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Subject: Evidently the "Most Exciting Real Estate Game Ever"...well maybe in 1976! rss

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Robert Zitzelsperger
New South Wales
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Ah, Metropolis..not the Fritz Lang 1927 original movie by the same name, but the 1976 real estate game version and seems to be the first board game to have this famous title. Someone can correct me on this fact, if they know of an earlier version or game with the same moniker.

The title of this game aptly describes its main purpose; that is to build a city. Not just any city, but one using miniature 3 dimensional plastic pieces crafted into various buildings so that veritable metropolis is formed over the game play. The purchase and development of property gives it a "monopoly" like feel, overlaid on a Manhattan style city plan. Interestingly, the version of I have was made in Australia and has the usual 70's feel about it; colourful, plastic and simple. Back in those days any game with a three- dimensional feel to it (think of Mousetrap) was exciting and a possible precursor to the more familiar and popular Sim City games of the 90's.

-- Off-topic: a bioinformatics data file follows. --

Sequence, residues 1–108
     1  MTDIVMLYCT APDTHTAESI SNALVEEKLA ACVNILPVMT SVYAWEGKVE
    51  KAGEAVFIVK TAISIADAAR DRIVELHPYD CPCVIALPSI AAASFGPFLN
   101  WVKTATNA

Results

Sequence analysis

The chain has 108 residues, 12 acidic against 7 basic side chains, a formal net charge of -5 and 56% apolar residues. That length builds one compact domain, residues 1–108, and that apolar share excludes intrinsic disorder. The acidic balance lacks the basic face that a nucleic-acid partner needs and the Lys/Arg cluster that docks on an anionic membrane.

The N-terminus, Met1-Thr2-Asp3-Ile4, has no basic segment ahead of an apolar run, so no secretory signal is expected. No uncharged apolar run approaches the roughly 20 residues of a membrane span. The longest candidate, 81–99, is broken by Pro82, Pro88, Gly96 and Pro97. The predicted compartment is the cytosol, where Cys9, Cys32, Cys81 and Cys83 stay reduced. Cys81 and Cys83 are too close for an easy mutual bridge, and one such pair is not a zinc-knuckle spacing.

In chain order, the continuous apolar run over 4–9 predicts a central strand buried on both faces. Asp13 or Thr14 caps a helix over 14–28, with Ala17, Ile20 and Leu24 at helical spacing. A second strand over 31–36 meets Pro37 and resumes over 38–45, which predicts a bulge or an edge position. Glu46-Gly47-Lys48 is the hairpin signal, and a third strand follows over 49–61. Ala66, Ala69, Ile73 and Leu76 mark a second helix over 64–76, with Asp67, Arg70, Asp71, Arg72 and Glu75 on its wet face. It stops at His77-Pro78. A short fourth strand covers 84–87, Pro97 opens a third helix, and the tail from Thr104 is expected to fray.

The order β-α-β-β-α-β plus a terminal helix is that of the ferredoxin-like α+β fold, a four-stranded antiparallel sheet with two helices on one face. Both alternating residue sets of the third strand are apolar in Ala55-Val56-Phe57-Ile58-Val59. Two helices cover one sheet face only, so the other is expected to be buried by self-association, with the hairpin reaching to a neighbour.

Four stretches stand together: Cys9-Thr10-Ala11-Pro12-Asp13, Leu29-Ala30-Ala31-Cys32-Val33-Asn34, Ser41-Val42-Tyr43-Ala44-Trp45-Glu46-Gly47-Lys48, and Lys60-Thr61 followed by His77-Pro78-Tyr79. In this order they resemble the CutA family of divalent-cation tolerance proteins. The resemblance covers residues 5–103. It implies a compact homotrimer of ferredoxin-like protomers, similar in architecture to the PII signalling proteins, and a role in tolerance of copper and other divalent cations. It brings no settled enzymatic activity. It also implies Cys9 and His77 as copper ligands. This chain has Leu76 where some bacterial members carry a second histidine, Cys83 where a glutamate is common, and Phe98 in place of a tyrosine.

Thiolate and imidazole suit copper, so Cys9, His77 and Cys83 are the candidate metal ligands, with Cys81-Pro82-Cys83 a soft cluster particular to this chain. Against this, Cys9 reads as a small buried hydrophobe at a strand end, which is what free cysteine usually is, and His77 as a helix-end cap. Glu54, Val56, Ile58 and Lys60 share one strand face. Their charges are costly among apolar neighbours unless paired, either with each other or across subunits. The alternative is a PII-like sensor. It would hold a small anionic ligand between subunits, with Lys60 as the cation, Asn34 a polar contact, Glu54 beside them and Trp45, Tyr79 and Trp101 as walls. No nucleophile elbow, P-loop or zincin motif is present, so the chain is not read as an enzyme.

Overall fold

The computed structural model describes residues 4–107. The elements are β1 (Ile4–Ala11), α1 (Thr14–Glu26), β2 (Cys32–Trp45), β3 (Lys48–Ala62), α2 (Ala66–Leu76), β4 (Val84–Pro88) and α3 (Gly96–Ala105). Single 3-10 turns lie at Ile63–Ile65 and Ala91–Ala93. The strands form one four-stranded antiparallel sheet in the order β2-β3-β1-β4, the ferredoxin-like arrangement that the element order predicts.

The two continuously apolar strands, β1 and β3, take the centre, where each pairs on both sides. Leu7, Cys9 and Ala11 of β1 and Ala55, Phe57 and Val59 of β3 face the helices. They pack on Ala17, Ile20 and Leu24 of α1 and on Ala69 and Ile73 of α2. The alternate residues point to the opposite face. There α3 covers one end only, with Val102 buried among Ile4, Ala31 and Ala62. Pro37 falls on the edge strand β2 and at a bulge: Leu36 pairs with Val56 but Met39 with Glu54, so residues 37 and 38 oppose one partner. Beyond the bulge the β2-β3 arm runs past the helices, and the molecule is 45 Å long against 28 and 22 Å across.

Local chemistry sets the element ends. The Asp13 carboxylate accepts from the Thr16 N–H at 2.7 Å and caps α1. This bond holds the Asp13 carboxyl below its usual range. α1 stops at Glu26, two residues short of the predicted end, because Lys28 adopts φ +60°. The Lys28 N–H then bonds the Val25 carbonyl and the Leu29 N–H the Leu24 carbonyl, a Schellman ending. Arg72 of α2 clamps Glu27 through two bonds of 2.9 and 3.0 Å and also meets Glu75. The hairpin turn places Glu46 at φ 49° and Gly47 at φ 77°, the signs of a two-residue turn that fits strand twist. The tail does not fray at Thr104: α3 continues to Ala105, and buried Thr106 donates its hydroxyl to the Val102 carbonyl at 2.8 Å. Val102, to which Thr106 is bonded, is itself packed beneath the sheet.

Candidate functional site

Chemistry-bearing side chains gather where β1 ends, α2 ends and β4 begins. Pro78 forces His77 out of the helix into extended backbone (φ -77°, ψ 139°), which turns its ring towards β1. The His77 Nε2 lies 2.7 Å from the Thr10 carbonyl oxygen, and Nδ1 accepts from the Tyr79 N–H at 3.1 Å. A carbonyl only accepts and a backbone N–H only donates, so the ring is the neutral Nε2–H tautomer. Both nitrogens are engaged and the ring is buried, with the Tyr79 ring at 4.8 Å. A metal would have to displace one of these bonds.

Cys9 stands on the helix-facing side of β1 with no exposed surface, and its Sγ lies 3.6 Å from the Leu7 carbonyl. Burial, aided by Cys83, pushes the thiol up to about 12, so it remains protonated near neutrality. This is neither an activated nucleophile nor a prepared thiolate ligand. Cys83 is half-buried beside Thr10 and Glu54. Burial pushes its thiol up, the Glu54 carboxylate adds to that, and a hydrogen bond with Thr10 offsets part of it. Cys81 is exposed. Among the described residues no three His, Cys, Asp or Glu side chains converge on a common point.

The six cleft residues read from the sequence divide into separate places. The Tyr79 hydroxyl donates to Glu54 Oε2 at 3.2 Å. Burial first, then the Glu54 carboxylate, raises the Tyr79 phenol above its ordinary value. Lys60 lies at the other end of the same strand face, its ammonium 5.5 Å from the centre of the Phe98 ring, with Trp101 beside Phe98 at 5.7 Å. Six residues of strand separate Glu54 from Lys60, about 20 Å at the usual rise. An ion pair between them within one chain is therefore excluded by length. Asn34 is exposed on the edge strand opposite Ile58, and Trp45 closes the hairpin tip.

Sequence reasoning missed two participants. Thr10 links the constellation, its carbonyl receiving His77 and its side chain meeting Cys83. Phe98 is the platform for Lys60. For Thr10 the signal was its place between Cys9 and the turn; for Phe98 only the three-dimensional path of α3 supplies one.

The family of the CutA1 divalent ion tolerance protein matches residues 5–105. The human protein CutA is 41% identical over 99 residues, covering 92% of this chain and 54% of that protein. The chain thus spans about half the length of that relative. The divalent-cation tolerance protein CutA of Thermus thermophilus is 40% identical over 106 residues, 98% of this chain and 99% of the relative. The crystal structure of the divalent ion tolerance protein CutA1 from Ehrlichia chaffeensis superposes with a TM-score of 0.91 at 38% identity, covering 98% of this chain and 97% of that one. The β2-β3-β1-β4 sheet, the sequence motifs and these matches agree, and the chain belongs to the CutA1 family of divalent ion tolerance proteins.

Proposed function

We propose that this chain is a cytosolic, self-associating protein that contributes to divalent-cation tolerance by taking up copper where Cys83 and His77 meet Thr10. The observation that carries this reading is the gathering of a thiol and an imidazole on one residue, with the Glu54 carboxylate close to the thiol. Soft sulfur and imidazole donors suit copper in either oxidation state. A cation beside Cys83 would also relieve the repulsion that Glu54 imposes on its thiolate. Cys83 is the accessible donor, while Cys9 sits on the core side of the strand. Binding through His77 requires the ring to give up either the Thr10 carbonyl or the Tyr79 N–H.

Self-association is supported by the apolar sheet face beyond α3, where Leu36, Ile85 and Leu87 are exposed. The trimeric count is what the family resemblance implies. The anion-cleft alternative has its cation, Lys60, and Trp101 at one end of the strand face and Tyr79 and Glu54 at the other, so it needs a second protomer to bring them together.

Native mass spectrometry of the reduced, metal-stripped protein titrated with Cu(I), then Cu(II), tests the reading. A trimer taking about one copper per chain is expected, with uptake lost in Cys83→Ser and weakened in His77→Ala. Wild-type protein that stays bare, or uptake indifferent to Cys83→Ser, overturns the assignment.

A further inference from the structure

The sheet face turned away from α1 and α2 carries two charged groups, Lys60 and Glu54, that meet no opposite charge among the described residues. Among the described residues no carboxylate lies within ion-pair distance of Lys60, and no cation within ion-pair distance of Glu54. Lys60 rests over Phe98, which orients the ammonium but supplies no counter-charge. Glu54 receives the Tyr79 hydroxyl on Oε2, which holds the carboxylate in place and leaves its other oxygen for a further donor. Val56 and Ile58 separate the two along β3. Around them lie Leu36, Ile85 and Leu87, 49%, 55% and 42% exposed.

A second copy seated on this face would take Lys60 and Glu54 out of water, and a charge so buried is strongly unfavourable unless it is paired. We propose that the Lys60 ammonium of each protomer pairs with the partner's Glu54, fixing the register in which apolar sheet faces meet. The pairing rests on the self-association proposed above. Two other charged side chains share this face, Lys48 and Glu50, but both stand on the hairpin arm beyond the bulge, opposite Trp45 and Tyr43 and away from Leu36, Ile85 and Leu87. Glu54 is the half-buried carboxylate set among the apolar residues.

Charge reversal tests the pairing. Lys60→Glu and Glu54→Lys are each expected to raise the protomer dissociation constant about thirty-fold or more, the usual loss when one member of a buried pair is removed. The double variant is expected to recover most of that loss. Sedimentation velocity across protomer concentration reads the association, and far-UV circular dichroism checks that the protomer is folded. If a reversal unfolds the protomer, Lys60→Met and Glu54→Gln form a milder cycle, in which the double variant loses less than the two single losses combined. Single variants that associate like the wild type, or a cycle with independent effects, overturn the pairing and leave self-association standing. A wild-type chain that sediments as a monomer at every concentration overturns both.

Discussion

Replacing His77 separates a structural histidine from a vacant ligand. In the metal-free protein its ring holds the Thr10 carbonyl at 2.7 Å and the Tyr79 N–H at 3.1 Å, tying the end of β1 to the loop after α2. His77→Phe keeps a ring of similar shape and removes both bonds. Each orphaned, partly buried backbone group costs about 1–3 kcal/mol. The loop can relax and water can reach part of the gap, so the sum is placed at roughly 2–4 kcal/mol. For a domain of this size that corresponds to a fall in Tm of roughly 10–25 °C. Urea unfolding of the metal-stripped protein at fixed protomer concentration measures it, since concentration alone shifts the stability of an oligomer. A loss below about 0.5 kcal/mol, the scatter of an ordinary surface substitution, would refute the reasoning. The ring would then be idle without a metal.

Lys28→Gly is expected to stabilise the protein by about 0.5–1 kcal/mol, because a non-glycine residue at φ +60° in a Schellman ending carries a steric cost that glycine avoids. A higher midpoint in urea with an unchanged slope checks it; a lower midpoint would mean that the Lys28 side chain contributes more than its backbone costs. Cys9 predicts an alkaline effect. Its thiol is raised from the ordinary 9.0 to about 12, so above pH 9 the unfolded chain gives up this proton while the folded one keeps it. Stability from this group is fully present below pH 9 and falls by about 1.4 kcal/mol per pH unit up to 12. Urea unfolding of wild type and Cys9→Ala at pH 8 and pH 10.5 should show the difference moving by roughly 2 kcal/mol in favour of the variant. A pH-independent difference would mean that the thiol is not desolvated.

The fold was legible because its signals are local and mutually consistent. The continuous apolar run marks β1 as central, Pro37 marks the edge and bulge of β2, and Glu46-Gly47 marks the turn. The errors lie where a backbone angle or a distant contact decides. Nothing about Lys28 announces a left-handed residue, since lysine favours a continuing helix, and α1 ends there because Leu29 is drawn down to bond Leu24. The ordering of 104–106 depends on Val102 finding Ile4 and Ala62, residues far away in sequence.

Although I think Metropolis looks good for a 1970's Aussie game, the play can be frustrating. To purchase then develop properties you must land on the right spot by dicing the correct number. This is okay at the start where there are plenty of opportunities but as the game progresses, a player can find themselves going endlessly around a block to revisit a property for development or purchase a specific type of property. The road arrows also prolong the frustrations, forcing players to go in directions often far from the intended destination. Perhaps this reflected and still reflects the usual frustration of trying to find a parking spot in a city CBD. Lack of money can also be an issue and players often return to the expressway to gain extra cash.

To avoid the tedious requirements of completing the metropolis outright, we usually ended the game when the first player had developed their colour quota of building development.

As an Australian manufactured game (when Australia still made things like the Leyland P76!) it's not bad! Since this is also the first review and no one else has yet place images of this game up before, I take it that this version of Metropolis is either rare or simply forgotten.
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